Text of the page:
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I went through a lot of posts and googled a lot, but still couldn't get this to work. I'm trying to create a rewrite rule for admin-ajax.php, to achieve the same results shown here:

Adding admin-ajax.php to the frontend. Good or bad idea?

However, I don't want to use htaccess file. Instead, I need this to work by dynamically adding a rule (like using add_rewrite_rule), for instance, because the ajax function to be called lies inside a plugin I'm writing and I want to provide a friendly URL to be called.

I seem to have followed all best practices regarding that approach. I hooked the rule flush on activation and deactivation hooks of my plugin. Also did the route adding on the init action:

add_rewrite_rule('/api', '/wp-admin/admin-ajax.php', 'top');        

All I get are 404's, though.

Edit: this is how I'm doing right now:

// rewrite rules and API hooks
add_action('init', array('MYCLASS', 'add_custom_rules'), 1); 
add_filter('query_vars', array('MYCLASS', 'add_custom_query_vars'), 1, 1);
add_action('parse_request', array('MYCLASS', 'add_custom_parse_request'), 1, 1); 

On add_custom_rules, I do:

add_rewrite_rule('my-api.php$', 'index.php?my-api=1', 'top');

On add_custom_query_vars, I do:

$query_vars[] = 'my-api';
return $query_vars;

On add_custom_parse_request, I do:

if (array_key_exists('my-api', $wp->query_vars)) {
    $action = $wp->query_vars['action'];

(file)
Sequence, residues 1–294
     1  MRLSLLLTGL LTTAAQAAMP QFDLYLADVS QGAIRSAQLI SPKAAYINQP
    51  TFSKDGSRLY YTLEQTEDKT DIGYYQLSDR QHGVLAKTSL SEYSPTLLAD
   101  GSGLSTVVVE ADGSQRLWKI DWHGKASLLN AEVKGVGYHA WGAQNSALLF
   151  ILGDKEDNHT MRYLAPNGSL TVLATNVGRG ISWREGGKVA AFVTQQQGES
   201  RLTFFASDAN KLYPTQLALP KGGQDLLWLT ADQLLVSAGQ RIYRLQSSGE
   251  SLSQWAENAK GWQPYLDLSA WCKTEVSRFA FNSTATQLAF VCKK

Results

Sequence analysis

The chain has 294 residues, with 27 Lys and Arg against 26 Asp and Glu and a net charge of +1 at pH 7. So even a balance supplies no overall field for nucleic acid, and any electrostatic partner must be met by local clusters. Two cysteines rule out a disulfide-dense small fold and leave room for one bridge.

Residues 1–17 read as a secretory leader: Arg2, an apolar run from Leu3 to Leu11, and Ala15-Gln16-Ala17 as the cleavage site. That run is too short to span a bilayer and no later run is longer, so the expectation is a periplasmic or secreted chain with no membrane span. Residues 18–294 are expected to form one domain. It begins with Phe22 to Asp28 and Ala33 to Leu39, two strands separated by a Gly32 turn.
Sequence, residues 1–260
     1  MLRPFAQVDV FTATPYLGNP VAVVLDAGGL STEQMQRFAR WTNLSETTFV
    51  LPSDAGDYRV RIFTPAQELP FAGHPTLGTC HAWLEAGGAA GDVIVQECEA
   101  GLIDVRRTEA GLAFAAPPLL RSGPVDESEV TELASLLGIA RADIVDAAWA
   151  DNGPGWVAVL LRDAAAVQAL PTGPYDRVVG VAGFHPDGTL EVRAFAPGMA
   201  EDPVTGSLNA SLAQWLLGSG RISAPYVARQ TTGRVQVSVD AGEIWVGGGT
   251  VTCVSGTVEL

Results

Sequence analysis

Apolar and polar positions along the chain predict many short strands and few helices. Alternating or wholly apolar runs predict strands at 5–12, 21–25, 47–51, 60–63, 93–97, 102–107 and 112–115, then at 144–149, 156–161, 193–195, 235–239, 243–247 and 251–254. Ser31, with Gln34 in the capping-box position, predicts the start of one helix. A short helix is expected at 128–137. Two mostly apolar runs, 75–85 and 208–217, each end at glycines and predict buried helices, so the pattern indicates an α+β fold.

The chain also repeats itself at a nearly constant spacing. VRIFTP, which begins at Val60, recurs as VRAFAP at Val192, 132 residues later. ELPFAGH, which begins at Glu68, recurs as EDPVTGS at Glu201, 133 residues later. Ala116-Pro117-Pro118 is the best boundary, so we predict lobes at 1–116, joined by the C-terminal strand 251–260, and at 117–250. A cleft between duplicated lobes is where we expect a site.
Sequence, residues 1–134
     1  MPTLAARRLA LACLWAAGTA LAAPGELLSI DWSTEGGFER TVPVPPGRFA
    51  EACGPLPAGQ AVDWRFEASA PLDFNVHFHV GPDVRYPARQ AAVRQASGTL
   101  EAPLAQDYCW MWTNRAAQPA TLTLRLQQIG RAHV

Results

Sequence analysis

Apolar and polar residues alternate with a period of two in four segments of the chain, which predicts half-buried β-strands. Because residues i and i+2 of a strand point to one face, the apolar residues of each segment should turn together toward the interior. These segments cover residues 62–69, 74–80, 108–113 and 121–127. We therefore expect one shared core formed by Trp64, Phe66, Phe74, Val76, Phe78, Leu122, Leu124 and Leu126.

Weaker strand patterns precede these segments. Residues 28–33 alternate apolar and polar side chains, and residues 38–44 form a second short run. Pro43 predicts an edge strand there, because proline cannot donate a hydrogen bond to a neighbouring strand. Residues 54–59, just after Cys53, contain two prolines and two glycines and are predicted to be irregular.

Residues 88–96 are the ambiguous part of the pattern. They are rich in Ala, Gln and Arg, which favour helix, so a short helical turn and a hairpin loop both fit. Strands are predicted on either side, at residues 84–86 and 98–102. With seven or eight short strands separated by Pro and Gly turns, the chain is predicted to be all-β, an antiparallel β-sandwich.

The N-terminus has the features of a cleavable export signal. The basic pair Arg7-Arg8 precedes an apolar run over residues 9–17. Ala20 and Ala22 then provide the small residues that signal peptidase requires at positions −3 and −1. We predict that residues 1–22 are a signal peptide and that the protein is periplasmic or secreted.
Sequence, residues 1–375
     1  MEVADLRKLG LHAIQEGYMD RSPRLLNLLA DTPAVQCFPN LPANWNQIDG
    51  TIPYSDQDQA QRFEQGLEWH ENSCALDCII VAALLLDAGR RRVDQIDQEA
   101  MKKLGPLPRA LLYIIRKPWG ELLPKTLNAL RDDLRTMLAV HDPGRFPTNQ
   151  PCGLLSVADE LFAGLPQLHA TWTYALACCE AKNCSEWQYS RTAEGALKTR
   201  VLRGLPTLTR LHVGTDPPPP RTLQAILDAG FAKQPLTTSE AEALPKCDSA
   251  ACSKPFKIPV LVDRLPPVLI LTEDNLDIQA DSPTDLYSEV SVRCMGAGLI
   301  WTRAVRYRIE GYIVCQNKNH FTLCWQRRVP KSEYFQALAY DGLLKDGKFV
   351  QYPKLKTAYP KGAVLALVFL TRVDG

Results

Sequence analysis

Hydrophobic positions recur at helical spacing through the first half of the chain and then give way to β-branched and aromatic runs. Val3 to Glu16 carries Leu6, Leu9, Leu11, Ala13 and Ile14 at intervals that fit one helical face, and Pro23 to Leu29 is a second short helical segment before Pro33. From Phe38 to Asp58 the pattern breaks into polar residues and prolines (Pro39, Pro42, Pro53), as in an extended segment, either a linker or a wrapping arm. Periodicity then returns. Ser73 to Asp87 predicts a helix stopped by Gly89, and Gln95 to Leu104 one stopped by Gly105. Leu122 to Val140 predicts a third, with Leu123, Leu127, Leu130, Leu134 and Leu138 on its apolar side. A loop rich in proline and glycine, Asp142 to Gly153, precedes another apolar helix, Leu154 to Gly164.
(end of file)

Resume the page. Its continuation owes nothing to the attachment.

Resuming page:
$API = new myAPI();
    $API->{$action}();
    exit();
}

What am I still missing? Thanks again.

  • You would almost certainly get better performance with a .htaccess rule. – s_ha_dum Mar 8 '14 at 20:41
  • 2
    This may be a duplicate: wordpress.stackexchange.com/q/9870/21376 – s_ha_dum Mar 8 '14 at 20:49
  • Edit your code into the question please. Code formatting in the comments is nearly non-existent. – s_ha_dum Mar 9 '14 at 20:25
  • OK, added the code into the original question. Sorry. – arnaldo2204 Mar 10 '14 at 0:15
  • s_ha_dum, any remarks on what I'm possibly missing on that code? I added debug into add_custom_rules, add_custom_query_vars and add_custom_parse_request, and it seems only the first one is getting called. Any ideas why? – arnaldo2204 Mar 12 '14 at 2:23
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There are a few things to sort out here.

The first is why your rewrite rule will not work.

add_rewrite_rule('/api', '/wp-admin/admin-ajax.php', 'top');

The WordPress rewrite does not redirect to a page. What does is it parses the path using regular expressions into a WordPress query vars. If you disable pretty URLs in WordPress, you'll see the query vars in the URL for pages on your site: http://example.com/?p=262, http://example.com/?page_id=2, or http://example.com/?m=201309`.

After the rewrite rules create query vars, WordPress then calls the content from the database and sets the flags (is_single(), is_404(), etc). Then the appropriate template is found based upon those flags.

Your rewrite rule will not work as it generates no query vars. WordPress doesn't call the file for it.

What can you do instead?

  1. In you .htaccess file, add a server rewrite rule to map /api to /wp-admin/admin-ajax.php.
  2. Just call /wp-admin/admin-ajax.php instead.
  3. Add your own ajax handler by hooking into the template_redirect hook.

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